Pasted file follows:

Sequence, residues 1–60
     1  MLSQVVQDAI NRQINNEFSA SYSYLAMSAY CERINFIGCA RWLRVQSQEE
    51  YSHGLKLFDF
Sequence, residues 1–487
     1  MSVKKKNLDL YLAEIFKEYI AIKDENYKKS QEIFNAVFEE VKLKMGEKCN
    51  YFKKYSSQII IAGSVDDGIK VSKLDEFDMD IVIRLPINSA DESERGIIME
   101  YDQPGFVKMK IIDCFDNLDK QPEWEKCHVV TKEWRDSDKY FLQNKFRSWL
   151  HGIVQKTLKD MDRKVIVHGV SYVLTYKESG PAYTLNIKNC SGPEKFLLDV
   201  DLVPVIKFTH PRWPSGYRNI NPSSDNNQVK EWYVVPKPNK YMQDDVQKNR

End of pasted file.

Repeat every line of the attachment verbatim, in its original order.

Sequence, residues 1–60
     1  MLSQVVQDAI NRQINNEFSA SYSYLAMSAY CERINFIGCA RWLRVQSQEE
    51  YSHGLKLFDF
Sequence, residues 1–487
     1  MSVKKKNLDL YLAEIFKEYI AIKDENYKKS QEIFNAVFEE VKLKMGEKCN
    51  YFKKYSSQII IAGSVDDGIK VSKLDEFDMD IVIRLPINSA DESERGIIME
   101  YDQPGFVKMK IIDCFDNLDK QPEWEKCHVV TKEWRDSDKY FLQNKFRSWL
   151  HGIVQKTLKD MDRKVIVHGV SYVLTYKESG PAYTLNIKNC SGPEKFLLDV
   201  DLVPVIKFTH PRWPSGYRNI NPSSDNNQVK EWYVVPKPNK YMQDDVQKNR